Mickalene Thomas: Love is a Shape Untitled (Materials). Artwork (c) the artist / Photography (c) Casey Kelbaugh (pages 86-87)
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An Interview with “Open Studio” Authors Sharon Coplan Hurowitz & Amanda Benchley

This lavish new book takes you inside the private studios of 17 of today’s most celebrated artists as they draw, paint, sculpt, or design an original art project that readers can re-create at home

Open Studio: Do-It-Yourself Art Projects by Contemporary Artists showcases the work of Marina Abramovic, George Condo, Will Cotton, John Currin, Thomas Demand, Rachel Feinstein, the Haas Brothers, Alex Israel, Rashid Johnson, KAWS, Maya Lin, Julie Mehretu, Wangechi Mutu, Mickalene Thomas, Sarah Sze, William Wegman, and Lawrence Weiner. The book demystifies the studio practice through fun, accessible, D.I.Y. art projects.

Open Studio ($79.95) is now available at The Met Store

Each entry includes a brief profile that explores how the artist came to love art, their unique creative methodologies, and the sources of their inspiration. It provides a suggested list of supplies, illustrated step-by-step instructions, pullout templates and stencils, and essential elements for at-home art projects. No special skills or previous art experience are required.

The result will inspire kids and adults to blaze their own creative trails. We recently spoke with the book’s coauthors, Sharon Coplan Hurowitz and Amanda Benchley, about this exciting collaboration.

Sharon Coplan Hurowitz (left) and Amanda Benchley (right) with Will Cotton in his Tribeca studio. Photograph by Casey Kelbaugh

How did you come up with the list of artists? Selecting them was an organic process. Many are friends, so it was natural to reach out to those who we thought would take this special journey with us. The invitation to participate in Open Studio was an unusual request—to create an art project and be photographed making it in the studio. So we needed artists who were excited about the concept—and we’re grateful to them.

Maya Lin: Mouth of the Amazon. Artwork (c) the artist / Photography (c) Casey Kelbaugh

What was it like visiting so many different artists’ studios? It’s always a privilege to see an artist’s workspace: what books and props they reference; what music is playing; is the space big or small, neat or messy, filled with assistants or solitary. It gives you a new perspective into their work.

Wangechi Mutu in her studio. Artwork (c) the artist / Photography (c) Casey Kelbaugh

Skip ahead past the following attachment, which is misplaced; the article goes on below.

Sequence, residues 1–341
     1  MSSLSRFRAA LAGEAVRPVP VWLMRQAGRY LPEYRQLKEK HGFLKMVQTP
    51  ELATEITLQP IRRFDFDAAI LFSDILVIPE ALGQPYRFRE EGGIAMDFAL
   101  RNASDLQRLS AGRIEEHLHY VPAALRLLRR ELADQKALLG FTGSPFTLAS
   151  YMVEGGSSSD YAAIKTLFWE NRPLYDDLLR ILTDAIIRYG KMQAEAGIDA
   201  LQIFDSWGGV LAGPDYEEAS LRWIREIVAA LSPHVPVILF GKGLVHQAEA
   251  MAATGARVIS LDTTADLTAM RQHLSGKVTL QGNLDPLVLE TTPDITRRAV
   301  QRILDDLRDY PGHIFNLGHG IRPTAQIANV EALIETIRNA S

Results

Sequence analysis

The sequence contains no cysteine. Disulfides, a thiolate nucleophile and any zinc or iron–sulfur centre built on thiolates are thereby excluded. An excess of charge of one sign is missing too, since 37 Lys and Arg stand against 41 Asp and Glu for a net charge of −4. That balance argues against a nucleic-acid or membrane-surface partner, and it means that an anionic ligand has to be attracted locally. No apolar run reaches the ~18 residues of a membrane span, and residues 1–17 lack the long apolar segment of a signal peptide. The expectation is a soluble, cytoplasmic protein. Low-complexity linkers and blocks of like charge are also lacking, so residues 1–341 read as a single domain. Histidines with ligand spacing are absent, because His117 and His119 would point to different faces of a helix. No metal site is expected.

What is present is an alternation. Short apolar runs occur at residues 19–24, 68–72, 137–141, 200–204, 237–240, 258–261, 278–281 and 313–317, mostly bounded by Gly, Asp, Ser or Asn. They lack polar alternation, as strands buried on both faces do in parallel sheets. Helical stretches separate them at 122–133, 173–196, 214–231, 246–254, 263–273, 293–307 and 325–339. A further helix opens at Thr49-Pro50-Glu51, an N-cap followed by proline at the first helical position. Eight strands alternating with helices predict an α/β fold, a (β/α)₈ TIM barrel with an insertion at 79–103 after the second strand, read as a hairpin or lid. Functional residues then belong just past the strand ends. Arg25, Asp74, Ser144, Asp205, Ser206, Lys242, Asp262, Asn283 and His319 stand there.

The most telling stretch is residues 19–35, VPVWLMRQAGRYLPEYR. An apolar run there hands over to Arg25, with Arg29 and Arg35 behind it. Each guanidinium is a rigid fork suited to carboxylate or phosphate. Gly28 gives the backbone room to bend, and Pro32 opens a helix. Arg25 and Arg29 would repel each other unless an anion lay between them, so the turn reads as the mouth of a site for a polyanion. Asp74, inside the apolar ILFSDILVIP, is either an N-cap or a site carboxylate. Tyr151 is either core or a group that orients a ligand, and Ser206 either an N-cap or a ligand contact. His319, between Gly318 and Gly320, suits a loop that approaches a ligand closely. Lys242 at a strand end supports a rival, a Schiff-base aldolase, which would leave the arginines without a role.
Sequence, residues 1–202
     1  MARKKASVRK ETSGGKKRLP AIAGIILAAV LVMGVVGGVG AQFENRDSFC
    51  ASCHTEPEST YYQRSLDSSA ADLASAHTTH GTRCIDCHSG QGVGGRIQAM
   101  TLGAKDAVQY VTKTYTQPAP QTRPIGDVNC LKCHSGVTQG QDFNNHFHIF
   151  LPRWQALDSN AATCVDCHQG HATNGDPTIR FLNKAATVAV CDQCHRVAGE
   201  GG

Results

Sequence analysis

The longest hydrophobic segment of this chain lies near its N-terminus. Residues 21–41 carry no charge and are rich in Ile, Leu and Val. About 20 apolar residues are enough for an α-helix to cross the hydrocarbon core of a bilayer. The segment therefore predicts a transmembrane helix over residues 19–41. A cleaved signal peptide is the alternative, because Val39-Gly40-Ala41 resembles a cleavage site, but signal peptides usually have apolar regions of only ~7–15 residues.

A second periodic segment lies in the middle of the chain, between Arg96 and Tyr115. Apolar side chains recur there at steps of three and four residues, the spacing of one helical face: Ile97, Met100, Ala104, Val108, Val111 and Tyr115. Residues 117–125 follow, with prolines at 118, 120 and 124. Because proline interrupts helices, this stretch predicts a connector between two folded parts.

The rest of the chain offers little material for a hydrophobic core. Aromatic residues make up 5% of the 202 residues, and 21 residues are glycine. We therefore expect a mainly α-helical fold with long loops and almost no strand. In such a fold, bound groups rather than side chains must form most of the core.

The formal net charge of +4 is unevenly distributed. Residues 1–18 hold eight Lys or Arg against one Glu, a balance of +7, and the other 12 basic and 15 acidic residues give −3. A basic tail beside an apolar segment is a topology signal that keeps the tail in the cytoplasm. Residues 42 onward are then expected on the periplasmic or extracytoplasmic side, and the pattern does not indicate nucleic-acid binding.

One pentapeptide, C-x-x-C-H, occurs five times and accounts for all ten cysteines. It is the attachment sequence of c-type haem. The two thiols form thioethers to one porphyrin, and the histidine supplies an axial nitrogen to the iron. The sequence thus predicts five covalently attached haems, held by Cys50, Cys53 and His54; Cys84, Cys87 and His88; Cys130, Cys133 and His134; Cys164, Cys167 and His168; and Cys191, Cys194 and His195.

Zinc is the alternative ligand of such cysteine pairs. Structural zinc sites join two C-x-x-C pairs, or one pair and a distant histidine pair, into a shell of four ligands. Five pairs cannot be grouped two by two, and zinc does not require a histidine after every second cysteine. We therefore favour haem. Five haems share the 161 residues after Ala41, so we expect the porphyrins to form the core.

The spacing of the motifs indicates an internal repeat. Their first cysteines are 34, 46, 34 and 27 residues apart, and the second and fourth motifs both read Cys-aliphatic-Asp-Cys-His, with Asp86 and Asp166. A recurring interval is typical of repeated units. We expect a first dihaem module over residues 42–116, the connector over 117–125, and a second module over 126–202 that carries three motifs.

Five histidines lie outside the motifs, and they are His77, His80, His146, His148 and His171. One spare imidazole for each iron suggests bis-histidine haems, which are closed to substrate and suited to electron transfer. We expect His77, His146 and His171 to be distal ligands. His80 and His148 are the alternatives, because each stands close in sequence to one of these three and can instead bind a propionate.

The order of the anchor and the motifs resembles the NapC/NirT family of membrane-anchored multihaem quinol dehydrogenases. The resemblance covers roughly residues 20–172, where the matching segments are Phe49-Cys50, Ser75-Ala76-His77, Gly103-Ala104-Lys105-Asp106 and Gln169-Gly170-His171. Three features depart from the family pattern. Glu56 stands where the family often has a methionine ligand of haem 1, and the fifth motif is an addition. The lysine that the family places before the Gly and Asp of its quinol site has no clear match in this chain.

What kinds of ideas inspired some of the art projects? The inspiration came from a love of artists’ books and edition-making. Jasper John’s 1971 Target, in The Met collection, was the springboard. The artwork consists of a printed outline of a target along with real-life art supplies (a paintbrush and three watercolors affixed to the paper), and Johns leaves room for you to collaborate and sign your name to the artwork.

In a similar spirit, many Open Studio artists designed detachable inserts to make their art projects interactive and create an exchange with the reader. Many produced projects tied their art-making practices, while others surprised us with projects connected to earlier times in their lives, such as childhood and art school.

Are the art projects designed for specific age groups? No, each artist was given carte blanche. Some—like Rachel Feinstein’s paper sculpture—are more complicated, while others—such as the George Condo color-by-number or Bill Wegman’s dog heads—are straightforward and fun for kids and adults. 

William Wegman: Altered Photos; showing step-by-step and insert to help make the artwork. Photography: © Nicholas Calcott.

Readers love the book’s design and its user-friendly projects. Is there anything else you’d like to share? Open Studio is designed to be used. Creativity is at the heart of the book, and Open Studio is the opportunity for you to be the artist. We hope readers are inspired to make the projects—and then make more art!

Sharon Coplan Hurowitz is an independent curator and publisher; Amanda Benchley is a journalist and filmmaker. Published by Phaidon, their beautifully designed book makes a wonderful gift idea for both art lovers and art makers—whether recipients choose to explore the fun, diverse D.I.Y. art projects, or simply admire this eye-catching art book on their coffee tables. Shop it at The Met Store now.

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